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The evaluation of employee performance and quality of work is essential for employees in all industries. Deficits can lead to complaints of customers and clients and thus may seriously endanger the success of the business enterprise. Specific issues arise in call centers, where main task of employees is answering calls in order to deal with the customer problems or to create new business. The solicitation of new business through calls initiated by the employee is a main line of business for many companies. Employers in such situation have a valid interest in monitoring and / or recording both the verbal communication between the employees and the customers and to record the details of calls that have been made. Employees on the other hand have a valid interest to protect their personality rights, the same applies to customers who call or are contacted.

In view of German data protection and employment laws three main questions are frequently asked by foreign owned employers.

1. IS IT PERMITTED TO MONITOR THE CALLS THAT ARE MADE BY AN EMPLOYEE EITHER LIVE OR BY RECORDING?

First of all it needs to be mentioned that any way of monitoring telephone calls regularly involves another party, which has no employment relationship with the company. Thus it is clear that any secret action involving another person listening in or recording is not permitted and can even constitute a criminal act. Any third party must have the option to prevent any listening in or recording by the employer after having been informed about the intention to monitor or record the call.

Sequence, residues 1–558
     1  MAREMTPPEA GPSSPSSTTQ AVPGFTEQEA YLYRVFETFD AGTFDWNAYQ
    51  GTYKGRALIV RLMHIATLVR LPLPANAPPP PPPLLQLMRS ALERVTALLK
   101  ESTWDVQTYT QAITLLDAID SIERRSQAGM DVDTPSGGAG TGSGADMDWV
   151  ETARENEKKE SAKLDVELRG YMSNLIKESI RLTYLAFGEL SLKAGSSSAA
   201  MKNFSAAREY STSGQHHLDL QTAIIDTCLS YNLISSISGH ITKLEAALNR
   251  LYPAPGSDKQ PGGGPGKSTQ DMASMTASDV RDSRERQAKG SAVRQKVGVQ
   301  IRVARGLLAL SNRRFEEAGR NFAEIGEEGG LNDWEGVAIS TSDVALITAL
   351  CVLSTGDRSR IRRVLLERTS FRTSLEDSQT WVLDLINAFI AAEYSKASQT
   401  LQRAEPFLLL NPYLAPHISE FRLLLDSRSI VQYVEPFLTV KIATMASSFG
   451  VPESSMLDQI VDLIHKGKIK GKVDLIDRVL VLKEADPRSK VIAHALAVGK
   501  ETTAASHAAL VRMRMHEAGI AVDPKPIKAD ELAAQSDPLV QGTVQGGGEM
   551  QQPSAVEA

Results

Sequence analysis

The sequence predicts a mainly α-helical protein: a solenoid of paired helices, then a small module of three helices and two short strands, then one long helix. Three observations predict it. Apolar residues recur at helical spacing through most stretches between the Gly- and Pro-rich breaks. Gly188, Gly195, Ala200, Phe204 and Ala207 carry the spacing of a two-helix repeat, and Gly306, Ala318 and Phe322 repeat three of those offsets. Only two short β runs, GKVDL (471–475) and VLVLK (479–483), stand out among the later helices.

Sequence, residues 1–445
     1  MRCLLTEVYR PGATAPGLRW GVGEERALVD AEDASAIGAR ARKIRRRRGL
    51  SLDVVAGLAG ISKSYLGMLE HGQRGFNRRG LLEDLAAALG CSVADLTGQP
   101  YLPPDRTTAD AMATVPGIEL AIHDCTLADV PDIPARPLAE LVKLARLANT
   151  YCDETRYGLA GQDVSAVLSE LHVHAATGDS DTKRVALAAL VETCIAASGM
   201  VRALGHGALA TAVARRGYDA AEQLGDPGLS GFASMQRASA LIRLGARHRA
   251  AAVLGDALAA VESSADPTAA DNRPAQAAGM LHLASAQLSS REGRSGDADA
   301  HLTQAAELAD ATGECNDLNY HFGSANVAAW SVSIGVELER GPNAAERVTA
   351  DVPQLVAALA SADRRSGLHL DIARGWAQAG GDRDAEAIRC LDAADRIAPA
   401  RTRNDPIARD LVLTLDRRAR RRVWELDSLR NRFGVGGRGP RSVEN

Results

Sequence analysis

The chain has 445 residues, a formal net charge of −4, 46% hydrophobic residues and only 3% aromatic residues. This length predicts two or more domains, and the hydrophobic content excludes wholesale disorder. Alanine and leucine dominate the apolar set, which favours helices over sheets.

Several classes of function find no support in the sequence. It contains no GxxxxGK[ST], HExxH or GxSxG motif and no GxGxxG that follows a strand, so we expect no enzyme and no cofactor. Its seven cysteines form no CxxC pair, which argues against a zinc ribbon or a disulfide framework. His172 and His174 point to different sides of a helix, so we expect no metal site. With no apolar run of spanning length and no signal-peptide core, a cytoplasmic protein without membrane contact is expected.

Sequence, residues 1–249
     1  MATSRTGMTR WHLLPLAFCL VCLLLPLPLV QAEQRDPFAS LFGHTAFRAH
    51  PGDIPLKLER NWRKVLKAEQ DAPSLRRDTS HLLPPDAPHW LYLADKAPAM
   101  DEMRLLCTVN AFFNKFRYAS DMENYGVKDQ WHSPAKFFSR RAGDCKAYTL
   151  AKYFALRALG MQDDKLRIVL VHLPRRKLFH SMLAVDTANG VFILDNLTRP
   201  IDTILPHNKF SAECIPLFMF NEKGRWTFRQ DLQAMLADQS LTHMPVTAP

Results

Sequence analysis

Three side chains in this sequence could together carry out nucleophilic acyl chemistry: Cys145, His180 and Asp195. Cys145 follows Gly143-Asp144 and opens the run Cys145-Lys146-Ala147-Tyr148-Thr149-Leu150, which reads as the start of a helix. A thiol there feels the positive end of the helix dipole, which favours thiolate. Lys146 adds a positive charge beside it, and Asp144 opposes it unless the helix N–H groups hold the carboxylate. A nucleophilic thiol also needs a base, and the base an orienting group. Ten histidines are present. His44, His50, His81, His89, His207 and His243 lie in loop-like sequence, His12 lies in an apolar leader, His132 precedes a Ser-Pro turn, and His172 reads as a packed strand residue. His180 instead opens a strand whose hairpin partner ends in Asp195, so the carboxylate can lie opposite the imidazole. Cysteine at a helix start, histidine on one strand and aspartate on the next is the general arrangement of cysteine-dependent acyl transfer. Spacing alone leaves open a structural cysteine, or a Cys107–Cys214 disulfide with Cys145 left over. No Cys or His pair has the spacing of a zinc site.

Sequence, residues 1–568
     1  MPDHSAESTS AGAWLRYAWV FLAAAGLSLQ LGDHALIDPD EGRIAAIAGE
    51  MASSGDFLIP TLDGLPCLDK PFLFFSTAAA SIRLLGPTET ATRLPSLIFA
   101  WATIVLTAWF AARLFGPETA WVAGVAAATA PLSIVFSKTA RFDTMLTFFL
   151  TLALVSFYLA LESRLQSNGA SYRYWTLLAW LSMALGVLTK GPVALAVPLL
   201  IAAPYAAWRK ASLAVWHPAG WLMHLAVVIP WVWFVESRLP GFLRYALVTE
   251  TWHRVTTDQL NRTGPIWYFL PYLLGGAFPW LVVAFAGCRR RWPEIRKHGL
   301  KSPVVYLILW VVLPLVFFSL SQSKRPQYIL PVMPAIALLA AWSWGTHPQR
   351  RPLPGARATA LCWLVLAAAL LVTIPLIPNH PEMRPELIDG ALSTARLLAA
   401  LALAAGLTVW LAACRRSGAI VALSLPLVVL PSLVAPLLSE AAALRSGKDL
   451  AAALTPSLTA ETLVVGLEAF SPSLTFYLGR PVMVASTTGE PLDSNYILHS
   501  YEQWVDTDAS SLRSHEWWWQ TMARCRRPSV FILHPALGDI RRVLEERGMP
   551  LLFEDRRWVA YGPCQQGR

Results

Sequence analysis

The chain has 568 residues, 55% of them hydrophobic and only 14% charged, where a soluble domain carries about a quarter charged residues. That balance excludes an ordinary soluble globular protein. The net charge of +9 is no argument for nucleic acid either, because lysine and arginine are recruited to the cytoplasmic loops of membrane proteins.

An alternative for the company can be to only monitor the employee’s part on the communication. While this will be possible without any restriction by way of standing next to the employee in person a remote monitoring must be communicated to the employee either generally (e.g. in the employment contract) or in each case (e.g. with the technical signal/ sound, that informs the employee that a specific call is monitored).

A recording of calls (even only the employees part of the communication) requires the explicit prior consent of the employee (Artikel 4d (5) German Data Protection Act) (BDSG).

It is advisable to have a respective clause in the employment contract (or any attachment hereto) as German Labour Courts see a declaration of consent during an already existing employment relationship as extremely critical.

A secret monitoring or recording of calls is only permitted in exceptional cases e.g. when there is evidence of a criminal act (e.g. bribery, trade secrets violation etc.) against a specific employee and it is essential to gain further (final) proof by a way of monitoring / recording a call (and there is no other way to gain such evidence).

Another restriction follows from the interpretation of employees’ personality rights as done by the German Federal Labour Court. According to decisions of the Federal Labour Court a constant monitoring of employee performance is not allowed whether directly or indirectly. Thus any monitoring or recording done in a way that allows a profiling of an employee’s daily activities minute by minute is not permitted. The only way quality and performance evaluations are possible is to do random tests (e.g. all calls done by one employee within two hours of a day or one hour at different times for the duration of 3-4 weeks) or for a limited period of time individually, e.g. if a customer has raised a complaint against a specific employee (Art. 32 BDSB)